A punishment theory of justice requires someone to actually do something worth punishing. But those with a high crime coefficient in the Psycho Pass universe get no pardon, and without having done a single thing. So why should they show mercy in return?
Psycho-Pass is legally available streaming in the US through Funimation.
8 thoughts on “Psycho-Pass: Where Does Criminality Come From?”
That’s where Mack the Knife originally came from? Cool! Didn’t realize that song had that story behind. Yes, food comes first, Maslow’s pyramid. “Economy, stupid!” is all about. Morality is higher-up. Grand Inquisitor told Christ that people want food rather than freedom.
This title is interesting, since Japanese doesn’t have “th” sound, it exactly sounds “Psychopath”! It’s very Urobuchi to me from the start. Madoka was very misleading in the beginning, so for anti-moe purpose, I think Madoka worked better.
Yes, innocent until proven guilty is gone. Criminality index, over 9000! No human rights whatsoever. Yes, I’m curious about what criterion they use to calculate criminality index.
Interesting concept about therapy. I think that’s what libertarians want to do for drug offenders, rather treat it like disease than crime.
Looking forward to 2nd episode!
Brecht’s view forces us to consider just how animal-like human beings are when it comes down to it—though famine has always been around the corner for most of human history. In fact, one argument contends that both Japan and Germany started World War II in part due to gain extra space to grow food. Those who blithely say that people are naturally good and if only society would get out of the way we’d all be better off…have not studied history. Or looked around past the comfortable middle and upper class cocoons.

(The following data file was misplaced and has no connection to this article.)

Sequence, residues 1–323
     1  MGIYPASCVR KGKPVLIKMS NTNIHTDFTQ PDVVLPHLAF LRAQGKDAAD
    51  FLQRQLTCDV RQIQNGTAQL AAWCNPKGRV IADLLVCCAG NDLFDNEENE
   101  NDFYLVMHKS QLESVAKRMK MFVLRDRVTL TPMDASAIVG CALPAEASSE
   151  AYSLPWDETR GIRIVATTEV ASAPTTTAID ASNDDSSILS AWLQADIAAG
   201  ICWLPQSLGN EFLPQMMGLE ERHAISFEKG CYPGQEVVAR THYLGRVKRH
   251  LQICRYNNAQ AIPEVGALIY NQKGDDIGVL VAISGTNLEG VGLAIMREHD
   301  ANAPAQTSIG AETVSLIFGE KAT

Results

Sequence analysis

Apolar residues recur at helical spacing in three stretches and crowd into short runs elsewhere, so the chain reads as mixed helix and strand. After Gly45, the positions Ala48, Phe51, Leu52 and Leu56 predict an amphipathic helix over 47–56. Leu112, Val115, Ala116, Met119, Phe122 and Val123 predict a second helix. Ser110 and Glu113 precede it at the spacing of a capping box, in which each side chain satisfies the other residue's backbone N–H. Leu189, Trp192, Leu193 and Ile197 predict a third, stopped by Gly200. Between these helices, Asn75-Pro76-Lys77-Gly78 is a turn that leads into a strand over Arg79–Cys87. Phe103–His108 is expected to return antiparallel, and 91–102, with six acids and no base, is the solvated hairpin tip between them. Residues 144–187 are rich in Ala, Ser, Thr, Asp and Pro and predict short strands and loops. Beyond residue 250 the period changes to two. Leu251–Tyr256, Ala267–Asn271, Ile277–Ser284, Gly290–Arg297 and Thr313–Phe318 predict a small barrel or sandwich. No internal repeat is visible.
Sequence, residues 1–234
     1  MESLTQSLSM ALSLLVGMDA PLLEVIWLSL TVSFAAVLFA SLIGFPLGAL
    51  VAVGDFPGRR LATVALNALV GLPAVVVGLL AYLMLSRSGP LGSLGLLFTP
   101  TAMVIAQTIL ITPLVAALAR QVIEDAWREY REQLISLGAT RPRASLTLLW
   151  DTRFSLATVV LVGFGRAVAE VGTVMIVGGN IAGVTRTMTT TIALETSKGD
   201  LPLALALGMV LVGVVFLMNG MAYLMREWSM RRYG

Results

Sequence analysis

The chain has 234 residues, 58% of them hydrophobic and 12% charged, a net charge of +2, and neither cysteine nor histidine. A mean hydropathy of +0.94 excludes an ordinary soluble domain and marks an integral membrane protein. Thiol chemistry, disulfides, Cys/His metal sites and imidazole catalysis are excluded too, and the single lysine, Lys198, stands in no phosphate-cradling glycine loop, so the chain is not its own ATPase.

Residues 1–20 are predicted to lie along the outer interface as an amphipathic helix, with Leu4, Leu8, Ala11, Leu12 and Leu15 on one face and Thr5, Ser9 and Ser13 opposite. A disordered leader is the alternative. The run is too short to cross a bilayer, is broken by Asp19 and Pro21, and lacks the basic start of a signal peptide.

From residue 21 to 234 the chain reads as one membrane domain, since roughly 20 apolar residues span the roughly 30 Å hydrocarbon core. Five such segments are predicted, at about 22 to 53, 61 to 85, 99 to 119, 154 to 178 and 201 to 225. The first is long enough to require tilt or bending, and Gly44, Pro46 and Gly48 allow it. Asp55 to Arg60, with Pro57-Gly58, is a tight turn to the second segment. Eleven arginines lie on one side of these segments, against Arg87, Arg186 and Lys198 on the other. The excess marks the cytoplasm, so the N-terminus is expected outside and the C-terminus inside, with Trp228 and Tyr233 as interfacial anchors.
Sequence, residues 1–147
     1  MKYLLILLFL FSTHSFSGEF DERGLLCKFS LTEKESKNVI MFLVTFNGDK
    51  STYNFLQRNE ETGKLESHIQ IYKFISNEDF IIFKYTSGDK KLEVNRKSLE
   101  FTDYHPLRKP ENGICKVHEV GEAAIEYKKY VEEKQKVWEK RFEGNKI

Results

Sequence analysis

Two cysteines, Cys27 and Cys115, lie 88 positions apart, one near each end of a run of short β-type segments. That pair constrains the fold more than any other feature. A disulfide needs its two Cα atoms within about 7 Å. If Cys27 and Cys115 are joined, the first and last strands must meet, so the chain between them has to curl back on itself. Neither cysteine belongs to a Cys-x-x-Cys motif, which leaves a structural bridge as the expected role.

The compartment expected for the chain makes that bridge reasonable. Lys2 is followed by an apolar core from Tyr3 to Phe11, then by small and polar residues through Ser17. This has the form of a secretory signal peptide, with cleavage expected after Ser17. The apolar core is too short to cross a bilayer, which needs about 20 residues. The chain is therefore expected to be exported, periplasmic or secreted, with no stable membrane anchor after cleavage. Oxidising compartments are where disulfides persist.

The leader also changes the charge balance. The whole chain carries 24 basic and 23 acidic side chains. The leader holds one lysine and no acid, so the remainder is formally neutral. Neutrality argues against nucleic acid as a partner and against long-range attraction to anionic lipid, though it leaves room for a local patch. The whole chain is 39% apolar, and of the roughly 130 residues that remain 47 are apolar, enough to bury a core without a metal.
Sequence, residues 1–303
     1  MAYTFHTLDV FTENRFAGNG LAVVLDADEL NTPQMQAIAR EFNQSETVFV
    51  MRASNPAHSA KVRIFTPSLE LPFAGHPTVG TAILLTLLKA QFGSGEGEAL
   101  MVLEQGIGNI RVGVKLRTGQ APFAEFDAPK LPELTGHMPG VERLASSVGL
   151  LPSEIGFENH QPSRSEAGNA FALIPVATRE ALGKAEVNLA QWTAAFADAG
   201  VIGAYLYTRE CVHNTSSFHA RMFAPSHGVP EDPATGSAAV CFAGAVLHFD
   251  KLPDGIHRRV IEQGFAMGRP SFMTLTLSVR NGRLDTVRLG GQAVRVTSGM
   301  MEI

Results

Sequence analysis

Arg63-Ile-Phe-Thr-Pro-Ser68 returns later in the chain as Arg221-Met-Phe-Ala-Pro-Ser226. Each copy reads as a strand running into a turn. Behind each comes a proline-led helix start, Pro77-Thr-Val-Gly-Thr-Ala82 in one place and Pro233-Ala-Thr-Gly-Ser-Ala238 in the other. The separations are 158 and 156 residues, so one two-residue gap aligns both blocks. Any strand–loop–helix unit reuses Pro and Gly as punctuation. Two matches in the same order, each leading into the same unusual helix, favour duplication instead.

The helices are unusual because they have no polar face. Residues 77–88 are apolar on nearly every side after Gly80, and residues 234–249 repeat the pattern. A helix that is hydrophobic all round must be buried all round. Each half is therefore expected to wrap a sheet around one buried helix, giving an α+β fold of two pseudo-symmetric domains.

The pun with Psycho-Pass and “psychopath” is obviously deliberate. The crime coefficient is trying, really, to discover psychopaths before they strike. Intelligent psychopaths really are scary because they do such a good job faking human interaction while feeling no empathy at all, and are thus liable to do anything. There actually is a real psychopath test, which they administer to some prisoners and whose results make a difference in parole decisions. A first step toward Psycho-Pass? Who knows…what makes this show so compelling is that its concept is really just the logical end of things that are already happening in society now, which is to make everything subject to the therapeutic model.
I think libertarians, more than just decriminalizing drug use, want to make recreational drug use not really an offense at all, of any kind. The problem arises when that therapy or treatment is forced on people. Libertarians should be first in line to denounce the sort of society that Psycho Pass would create, or the use of psychological categories to confine undesirables involuntarily. The Soviets were the masters of declaring their enemies crazy and confining them to mental wards. See also A Clockwork Orange for another look at how a scientific technique to eliminate the desire to commit crimes is a far worse punishment than any traditional jail sentence.